Thursday, 4 December 2014

The United Kingdom Model

I recently returned from a week in the United Kingdom looking at infrastructure and urban development and the applications that may apply to the Christchurch rebuild. It was interesting to see how the United Kingdom is positioning itself with regards to infrastructure provision and the underlying messages around jobs and economic growth. Certainly jobs and economic growth are centre stage, whereas with infrastructural development there is a desire to not build new but to improve what already exists e.g. three lane motorways being turned into four lanes by using a shoulder of the motorway as a fourth lane (this is commonly known as “sweating the asset”).

There is increasing emphasis in the United Kingdom on the quality of life in the context of infrastructural development. There is a lot of talk of a “sense of place” and a “sense of amenity”. There is much more longer term planning going on over there compared to New Zealand. The Government plays a significant role in underwriting the risk gap and there is an overwhelming emphasis on privatisation (privatisation is not up for debate and is all about recycling assets and capital in the long term interests of the community). There are lessons here for Christchurch.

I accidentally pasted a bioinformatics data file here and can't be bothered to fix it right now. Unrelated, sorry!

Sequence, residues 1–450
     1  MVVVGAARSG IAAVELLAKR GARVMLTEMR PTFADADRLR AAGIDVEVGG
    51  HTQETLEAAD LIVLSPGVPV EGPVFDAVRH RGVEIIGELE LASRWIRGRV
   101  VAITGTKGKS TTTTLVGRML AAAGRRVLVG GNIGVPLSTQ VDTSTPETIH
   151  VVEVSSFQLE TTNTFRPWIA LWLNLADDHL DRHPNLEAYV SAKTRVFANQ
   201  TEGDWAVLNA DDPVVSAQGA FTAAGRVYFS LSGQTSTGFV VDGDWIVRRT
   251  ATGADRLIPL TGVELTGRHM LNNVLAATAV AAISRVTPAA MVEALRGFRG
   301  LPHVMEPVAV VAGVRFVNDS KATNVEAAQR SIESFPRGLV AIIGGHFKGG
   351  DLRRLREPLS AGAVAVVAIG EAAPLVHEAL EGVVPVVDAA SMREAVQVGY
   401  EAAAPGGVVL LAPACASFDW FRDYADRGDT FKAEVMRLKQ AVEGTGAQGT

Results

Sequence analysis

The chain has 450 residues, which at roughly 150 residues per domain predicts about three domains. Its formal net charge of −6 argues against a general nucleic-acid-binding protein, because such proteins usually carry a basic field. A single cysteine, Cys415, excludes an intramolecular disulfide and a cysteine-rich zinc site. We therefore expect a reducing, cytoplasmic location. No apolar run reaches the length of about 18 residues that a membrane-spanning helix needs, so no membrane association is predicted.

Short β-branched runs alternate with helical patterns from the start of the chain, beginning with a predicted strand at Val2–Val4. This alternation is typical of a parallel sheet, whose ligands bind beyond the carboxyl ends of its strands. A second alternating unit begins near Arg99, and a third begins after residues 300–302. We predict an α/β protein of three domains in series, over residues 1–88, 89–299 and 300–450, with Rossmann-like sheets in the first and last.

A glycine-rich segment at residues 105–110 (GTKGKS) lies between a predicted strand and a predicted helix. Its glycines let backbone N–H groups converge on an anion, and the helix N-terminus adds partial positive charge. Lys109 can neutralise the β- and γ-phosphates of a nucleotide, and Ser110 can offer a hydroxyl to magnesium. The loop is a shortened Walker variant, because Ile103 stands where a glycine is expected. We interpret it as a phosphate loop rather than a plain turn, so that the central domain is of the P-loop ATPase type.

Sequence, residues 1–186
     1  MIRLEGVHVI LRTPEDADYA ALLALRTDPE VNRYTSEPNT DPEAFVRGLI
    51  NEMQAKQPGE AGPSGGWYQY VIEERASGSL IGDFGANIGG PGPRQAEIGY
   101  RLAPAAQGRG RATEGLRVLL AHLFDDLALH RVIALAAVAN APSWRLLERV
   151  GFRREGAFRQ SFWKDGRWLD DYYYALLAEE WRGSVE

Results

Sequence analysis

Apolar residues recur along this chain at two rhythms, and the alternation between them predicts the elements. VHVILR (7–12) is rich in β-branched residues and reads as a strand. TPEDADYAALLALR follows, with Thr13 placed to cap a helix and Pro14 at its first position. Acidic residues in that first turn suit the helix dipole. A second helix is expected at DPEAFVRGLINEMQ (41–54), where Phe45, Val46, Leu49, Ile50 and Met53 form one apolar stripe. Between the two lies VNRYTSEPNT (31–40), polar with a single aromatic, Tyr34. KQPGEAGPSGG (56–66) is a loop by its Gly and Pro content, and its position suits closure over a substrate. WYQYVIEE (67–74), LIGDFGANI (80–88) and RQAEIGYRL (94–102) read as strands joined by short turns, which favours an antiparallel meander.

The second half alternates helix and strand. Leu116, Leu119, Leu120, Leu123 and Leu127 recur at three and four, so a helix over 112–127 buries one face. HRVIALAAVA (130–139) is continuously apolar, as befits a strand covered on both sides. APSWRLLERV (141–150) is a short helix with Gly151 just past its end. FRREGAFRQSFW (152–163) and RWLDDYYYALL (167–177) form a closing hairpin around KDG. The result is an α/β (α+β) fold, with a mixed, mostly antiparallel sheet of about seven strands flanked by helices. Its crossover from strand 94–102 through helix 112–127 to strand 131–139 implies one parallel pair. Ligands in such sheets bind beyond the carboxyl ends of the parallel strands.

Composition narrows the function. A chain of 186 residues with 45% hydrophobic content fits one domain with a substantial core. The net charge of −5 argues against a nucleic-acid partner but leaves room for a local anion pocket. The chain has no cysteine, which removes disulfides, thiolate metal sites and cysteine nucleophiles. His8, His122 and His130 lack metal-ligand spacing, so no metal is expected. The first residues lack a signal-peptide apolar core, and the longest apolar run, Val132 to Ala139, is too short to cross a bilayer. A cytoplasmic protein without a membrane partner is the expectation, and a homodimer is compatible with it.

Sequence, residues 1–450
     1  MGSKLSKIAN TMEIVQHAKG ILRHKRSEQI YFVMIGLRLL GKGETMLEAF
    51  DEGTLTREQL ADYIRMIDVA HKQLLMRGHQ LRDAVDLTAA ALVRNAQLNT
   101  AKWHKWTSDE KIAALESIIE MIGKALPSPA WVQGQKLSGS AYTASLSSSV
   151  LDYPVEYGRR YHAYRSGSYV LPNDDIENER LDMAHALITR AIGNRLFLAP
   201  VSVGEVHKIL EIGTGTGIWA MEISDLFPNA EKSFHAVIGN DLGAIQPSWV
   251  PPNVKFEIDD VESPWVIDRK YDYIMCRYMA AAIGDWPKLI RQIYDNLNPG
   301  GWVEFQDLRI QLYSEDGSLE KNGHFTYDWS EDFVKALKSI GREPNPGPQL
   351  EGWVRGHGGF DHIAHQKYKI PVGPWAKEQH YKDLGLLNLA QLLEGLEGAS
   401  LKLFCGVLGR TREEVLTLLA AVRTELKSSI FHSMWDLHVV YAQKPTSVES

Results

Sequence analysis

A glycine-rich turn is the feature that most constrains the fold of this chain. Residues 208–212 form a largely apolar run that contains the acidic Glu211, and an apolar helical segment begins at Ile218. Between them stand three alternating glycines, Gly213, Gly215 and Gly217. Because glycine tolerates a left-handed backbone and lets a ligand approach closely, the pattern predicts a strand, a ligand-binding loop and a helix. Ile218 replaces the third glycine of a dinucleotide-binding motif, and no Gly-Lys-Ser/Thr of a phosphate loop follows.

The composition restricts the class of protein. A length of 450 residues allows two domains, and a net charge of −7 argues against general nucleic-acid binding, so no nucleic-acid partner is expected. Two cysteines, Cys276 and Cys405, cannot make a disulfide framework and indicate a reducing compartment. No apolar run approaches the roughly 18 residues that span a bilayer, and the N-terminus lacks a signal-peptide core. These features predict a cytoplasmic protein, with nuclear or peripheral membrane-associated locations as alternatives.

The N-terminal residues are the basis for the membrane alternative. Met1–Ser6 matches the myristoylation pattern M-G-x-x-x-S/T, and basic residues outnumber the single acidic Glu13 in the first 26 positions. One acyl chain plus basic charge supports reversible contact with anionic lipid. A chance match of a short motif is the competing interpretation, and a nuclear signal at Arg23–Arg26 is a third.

There is strong centralisation of funding and a lot of commonality with regard to infrastructural development across political parties. There is certainly more interplay of private players into public sector activity and infrastructure is overtly used as a catalyst for good community outcomes.

The affordable housing model is well advanced in the United Kingdom and the use of “not for profit housing associations” to underpin social housing is pervasive and effective. It was also very clear that in the United Kingdom they are not hung up about where private investment comes from e.g. there is massive investment from the Middle East and Asia which is regarded as normal.

There is a lot of hard work going on to sort out the relationship of the primary city of London and the rest of the county. There is quite an aggressive positioning with regard to just “doing stuff”. Skill shortages in London are real and are growing and it was remarkable to learn that London with a current population of 8 million is looking to be a city of 10 million by 2030. 

There are many lessons for us to learn particularly around: the focus on growth and employment, strong collaborative leadership, a good interface between private and public sectors, a close alignment between Local and Central Government, good integrated planning, funding and delivery of transport in urban development, strong ambitions, and a mature approach to foreign capital. 

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